Contact Us
Sponsored Content

How Two Companies Are Working To Bridge The U.S. Data Center Gap


There are close to 3 million data centers in the U.S., a figure that may seem staggering. But to the well-versed in the data center market, that’s not nearly enough. 

The coronavirus pandemic has driven the ever-growing demand for data centers as Americans move more of their day-to-day activities online. This major increase in online activity, paired with a number of burgeoning tech trends, is shining a light on the fact that while there are millions of data centers, there is still a need for more. 

Most of all, there is a pressing need for more edge data centers: facilities that are located close to the population centers they serve. These centers enable faster internet service and allow local businesses to take advantage of highly reliable, redundant facilities and cloud-based services. Edge data centers typically have a smaller footprint than the mega data centers, which create economies of scale when entering new markets.   

“More businesses are realizing the convenience of moving their workloads to multi-tenant data centers, but they aren’t located in an area where they can easily access one,” said Brad Moore, CEO of Twin Palms Capital, which recently began developing a strategy to deploy 27 edge data centers in states across the U.S.

The current data center market may be large, but it is not yet democratic. Data centers are largely concentrated in hubs like Northern Virginia and Silicon Valley. Plus, many of the largest centers — those exceeding 200K SF — are owned and operated by Amazon, Google and other tech juggernauts, which don’t lease space to other companies.

Many businesses located far from these data center hubs are interested in using their services, but are currently unable to find a facility to suit their needs. That demand is expected to drive edge data center demand. The global market for edge data centers is expected to hit nearly $13.5B by 2024, nearly tripling its $4B market in 2017.

“In many markets, the few data centers that are available fill up fast with companies purchasing 20 or 50 cabinets,” Moore said. “If you’re a business looking to use one or even just half of a cabinet, you’re out of luck.”

He added that while companies can operate their own data centers, that can be a costly and time-consuming endeavor that can take away from focusing on their core business.

To reach companies in underserved markets, Moore and his team at Twin Palms have teamed up with Involta, a hybridIT and data center service management provider, to build 20K SF edge data centers. Most of these centers will be built in markets that are currently underserved.

To begin, Twin Palms will develop edge data centers in Massachusetts, North Carolina, Washington and Tennessee. Twin Palms will be the general manager of the project, in charge of choosing the site locations, leasing, marketing, and debt and equity financing for the centers, while Involta will oversee the construction of the facilities and run the day-to-day operations.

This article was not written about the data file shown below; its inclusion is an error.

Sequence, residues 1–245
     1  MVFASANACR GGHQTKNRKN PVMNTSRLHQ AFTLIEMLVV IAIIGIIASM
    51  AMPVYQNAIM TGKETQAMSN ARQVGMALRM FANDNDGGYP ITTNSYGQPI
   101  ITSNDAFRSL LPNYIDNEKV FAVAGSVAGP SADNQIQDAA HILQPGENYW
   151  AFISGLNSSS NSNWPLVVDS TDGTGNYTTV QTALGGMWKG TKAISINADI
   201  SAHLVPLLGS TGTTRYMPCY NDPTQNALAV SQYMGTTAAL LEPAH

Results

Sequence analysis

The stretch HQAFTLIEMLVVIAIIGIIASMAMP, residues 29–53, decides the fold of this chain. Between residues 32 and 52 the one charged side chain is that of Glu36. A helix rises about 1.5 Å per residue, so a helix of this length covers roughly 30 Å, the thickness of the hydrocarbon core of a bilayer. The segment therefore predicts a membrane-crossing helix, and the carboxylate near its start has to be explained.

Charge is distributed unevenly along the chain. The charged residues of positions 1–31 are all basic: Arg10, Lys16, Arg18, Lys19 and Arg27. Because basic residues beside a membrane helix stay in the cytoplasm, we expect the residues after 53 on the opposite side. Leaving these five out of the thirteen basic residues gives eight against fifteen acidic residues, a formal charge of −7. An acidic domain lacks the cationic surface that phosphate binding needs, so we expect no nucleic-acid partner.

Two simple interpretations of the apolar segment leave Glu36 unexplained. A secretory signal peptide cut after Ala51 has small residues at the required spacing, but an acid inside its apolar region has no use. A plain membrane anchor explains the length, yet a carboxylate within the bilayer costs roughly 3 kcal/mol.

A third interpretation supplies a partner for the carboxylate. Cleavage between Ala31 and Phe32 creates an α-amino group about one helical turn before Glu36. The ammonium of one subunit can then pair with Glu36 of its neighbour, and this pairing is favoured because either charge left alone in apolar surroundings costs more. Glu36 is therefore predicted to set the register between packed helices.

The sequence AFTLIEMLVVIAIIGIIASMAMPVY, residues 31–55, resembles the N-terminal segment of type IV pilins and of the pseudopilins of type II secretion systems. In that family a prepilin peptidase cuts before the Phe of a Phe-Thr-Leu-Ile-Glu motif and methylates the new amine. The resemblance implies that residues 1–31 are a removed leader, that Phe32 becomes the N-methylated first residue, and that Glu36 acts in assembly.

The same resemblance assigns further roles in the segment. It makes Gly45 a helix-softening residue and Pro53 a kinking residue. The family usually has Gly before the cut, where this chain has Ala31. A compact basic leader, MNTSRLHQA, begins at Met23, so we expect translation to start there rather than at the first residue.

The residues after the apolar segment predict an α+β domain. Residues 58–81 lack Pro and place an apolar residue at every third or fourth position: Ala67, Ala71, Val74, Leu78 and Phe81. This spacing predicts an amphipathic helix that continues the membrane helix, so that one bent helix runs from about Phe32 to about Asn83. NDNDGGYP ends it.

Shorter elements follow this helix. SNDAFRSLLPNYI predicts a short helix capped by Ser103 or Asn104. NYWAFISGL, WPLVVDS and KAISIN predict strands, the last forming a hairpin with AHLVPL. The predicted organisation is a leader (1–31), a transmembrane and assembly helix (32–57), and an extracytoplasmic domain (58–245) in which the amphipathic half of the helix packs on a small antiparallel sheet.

The first facility will open in Littleton, Massachusetts, approximately 26 miles from Boston. Moore said that he’s excited to bring much-needed services to this area, which is about 15 miles from the next-closest data center.

“Businesses in the areas where we’re building have been searching access to a new, efficiently run data center with cloud and other high-tech services provided from a company like Involta,” Moore said. “Now, they can leverage hybrid IT and colocation services to expand their technology capabilities in support of growing business IT needs.”

Involta Chief Technical Officer Ken Kremer said that new technology trends, like the widespread adoption of 5G, are also driving the demand for edge data centers. Many of the applications that 5G is expected to offer users require a large amount of data to be processed at the edge of population centers in order to work efficiently.

Kremer said that 5G technology will offer users enhanced capabilities to stream high-quality videos, music and other high-bandwidth applications faster, but only if it can be delivered quickly. And quickly means the ability to access the content nearby.

“With 5G, low-latency and high bandwidth to the mobile device comes into play,” Kremer said. “To take advantage of 5G service, the proximity of the content must be closer to the mobile user to ensure the best experience possible.”

He said that edge data centers offer service providers a place to deliver content from that is closer to users. This way, movies, music and other content won’t have to be pulled from data centers across the country that can add latency and require larger expensive communications services.

Kremer added that 5G has a much larger capacity than 4G when it comes to the number of devices that can be served in a localized area. More devices can cause massive amounts of internet traffic. In order to compute and process all the data being captured, it will be critical to perform edge computing of this data for more timely and efficient results.  

“Businesses in our targeted areas have been missing out on the benefits of regional colocation data centers for too long,” Moore said. “We’re here to fix that.”

This feature was produced in collaboration between the Bisnow Branded Content Studio and Twin Palms Capital Group. Bisnow news staff was not involved in the production of this content.